Xezo Architect Azure FM Review


I was first introduced to the Xezo brand last season when a user sent his Xezo Legionnaire to me to review. Xezo is a US-based retailer of luxury goods: mostly leather goods, watches, and fountain pens. They don’t do their own manufacturing, instead, having most of their goods manufactured by other companies to their specifications. They also generally tend to manufacture their pens in smaller, limited quantities (usually around 500 each), and each model is only available for a limited time.

Xezo reached out to me a few months ago and asked if I would be interested in reviewing any additional models and then providing those models for giveaway to my viewers. Since I’m all about doing giveaways these days, I said yes without hesitation.

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One of the models they sent over was the Xezo Architect Blue Azure. The Architect is a large, metal-bodied pen decorated with diamond-engraved guilloche decoration, and lacquered with a bright, turquoisy-blue color that Xezo claims is inspired by the blue of the Mediterranean sea. All of the pen’s accents are platinum-plated, giving a bright, silver shine that compliments the blue of the pen nicely. The pen is capped off with a platinum-plated finial, on which is engraved the pen’s limited edition number and “.999 Platinum-plated.” The body of the cap is faceted, with the guilloche being applied to alternate facets. The pen’s clip is a clean-lined clip, quite stiff and strong, with a flattened ball clip. The cap is finished off with a medium-width cap band on which is engraved Xezo Architect Limited Edition and the year of release (2016 in this case.)

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The barrel of the pen contains the same faceting with alternating guilloche and smooth facets, and it tapers down to another flat-ended finial, into which a small groove has been cut along the sides.

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The cap has a black plastic inner cap liner into which has been cut the cap threads. Despite the pen being metal-bodied, it has matching black plastic block-style threads, so the cap and barrel mesh quite smoothly. (Much better than metal on plastic or metal or metal.) The short-ish black plastic section tapers down to a small platinum ring. The section is a touch short for my personal grip, and my fingers will occasionally land on the threads, but it was far less common that I expected considering that shorter grip. When I did grip the threads, they rarely bothered me.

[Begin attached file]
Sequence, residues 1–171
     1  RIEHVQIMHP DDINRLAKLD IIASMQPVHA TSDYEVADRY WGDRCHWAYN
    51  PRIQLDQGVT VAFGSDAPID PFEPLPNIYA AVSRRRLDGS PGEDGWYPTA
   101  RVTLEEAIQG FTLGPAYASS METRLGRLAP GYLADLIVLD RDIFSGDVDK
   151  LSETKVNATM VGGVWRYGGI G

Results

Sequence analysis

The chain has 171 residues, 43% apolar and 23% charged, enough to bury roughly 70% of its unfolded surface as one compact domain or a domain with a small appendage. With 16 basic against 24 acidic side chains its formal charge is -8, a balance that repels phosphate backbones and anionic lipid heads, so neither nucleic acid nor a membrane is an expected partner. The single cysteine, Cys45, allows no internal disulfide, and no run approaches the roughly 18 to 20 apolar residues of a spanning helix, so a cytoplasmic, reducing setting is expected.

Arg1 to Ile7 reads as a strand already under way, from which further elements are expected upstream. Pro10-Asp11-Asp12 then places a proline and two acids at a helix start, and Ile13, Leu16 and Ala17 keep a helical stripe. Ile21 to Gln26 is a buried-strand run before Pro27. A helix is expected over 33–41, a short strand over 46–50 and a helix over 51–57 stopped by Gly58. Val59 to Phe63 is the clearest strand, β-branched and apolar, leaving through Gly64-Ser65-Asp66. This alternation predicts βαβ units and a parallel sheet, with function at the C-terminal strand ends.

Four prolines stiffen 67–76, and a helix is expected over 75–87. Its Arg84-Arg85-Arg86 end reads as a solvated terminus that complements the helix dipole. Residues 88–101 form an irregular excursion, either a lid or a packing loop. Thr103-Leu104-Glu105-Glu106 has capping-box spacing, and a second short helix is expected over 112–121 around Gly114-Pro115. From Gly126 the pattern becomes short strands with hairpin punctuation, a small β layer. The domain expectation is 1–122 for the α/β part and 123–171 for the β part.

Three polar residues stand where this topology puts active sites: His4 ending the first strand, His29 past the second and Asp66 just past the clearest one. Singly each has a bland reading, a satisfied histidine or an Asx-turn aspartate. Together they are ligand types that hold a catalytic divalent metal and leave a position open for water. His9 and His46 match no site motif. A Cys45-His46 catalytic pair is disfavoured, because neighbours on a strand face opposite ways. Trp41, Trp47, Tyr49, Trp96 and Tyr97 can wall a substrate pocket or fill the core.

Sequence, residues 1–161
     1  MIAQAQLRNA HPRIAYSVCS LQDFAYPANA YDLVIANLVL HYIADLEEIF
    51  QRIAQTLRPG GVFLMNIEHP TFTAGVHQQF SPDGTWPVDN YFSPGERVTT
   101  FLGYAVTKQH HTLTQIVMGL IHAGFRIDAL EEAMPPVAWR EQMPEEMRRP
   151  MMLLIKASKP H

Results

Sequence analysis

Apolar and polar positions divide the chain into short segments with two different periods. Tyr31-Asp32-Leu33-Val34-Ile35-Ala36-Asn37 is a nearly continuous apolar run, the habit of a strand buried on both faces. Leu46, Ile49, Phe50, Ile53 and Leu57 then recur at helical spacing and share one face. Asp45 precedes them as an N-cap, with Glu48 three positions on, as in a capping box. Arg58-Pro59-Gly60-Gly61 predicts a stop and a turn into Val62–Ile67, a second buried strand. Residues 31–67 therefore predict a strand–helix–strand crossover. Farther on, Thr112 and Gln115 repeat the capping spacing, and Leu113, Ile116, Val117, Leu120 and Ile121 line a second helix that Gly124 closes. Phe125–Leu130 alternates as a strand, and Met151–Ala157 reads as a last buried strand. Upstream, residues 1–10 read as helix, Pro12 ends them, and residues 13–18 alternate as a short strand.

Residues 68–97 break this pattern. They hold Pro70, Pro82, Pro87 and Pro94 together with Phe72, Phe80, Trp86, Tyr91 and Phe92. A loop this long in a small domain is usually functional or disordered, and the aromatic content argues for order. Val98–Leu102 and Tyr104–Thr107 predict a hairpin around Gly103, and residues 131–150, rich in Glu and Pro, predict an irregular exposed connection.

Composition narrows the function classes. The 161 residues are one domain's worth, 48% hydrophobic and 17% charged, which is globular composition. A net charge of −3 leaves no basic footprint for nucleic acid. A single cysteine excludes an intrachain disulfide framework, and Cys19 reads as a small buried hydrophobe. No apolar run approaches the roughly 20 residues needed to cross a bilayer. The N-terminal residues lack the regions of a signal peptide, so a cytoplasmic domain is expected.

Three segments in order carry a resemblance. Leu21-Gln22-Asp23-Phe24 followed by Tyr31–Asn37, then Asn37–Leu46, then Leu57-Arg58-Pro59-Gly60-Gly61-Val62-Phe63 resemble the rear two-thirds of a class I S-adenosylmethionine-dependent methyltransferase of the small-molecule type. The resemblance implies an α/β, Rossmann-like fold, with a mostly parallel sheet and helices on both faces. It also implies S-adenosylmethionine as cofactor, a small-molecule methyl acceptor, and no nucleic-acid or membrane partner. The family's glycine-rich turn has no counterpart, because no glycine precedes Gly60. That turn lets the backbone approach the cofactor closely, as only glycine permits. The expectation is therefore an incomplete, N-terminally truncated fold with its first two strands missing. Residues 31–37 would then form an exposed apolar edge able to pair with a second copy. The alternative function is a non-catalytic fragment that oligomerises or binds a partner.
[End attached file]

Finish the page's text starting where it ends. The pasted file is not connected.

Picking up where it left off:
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The Xezo Architect can accept standard international cartridges (in long or short) or converters. The pen comes with a high-quality converter that fits perfectly and didn’t cause any ink flow issues for me.

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The pen features a #6 bi-color steel medium nib. (I’m guessing the nib is manufactured by Jowo based on the nib’s design and the shape of the feed…but that’s just a guess. As usual.) The choice of a bi-color nib was a bit of a design misstep in my opinion: it seems silly to have yellow gold on a pen with blue and platinum accents. A steel nib without gold plating would have looked more cohesive. The nib is engraved (I’m guessing laser engraved) with the Xezo logo.

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There’s no doubt that, in the hand, the Xezo Architect Azure is a substantial pen. The all-brass body results in a pen with some heft. Uncapped, though, that heft is very nicely balanced in my hand, and I found the pen quite comfortable for longer writing sessions as well as short notes. The pen does post, and the little channel cut into the side of the end finial is intended to help the cap “click” into place securely. Unfortunately, the cap is quite heavy, and when posted, completely throws off the balance of the pen for me. If you have huge hands, posting this pen may be the right option, but it doesn’t quite work for me.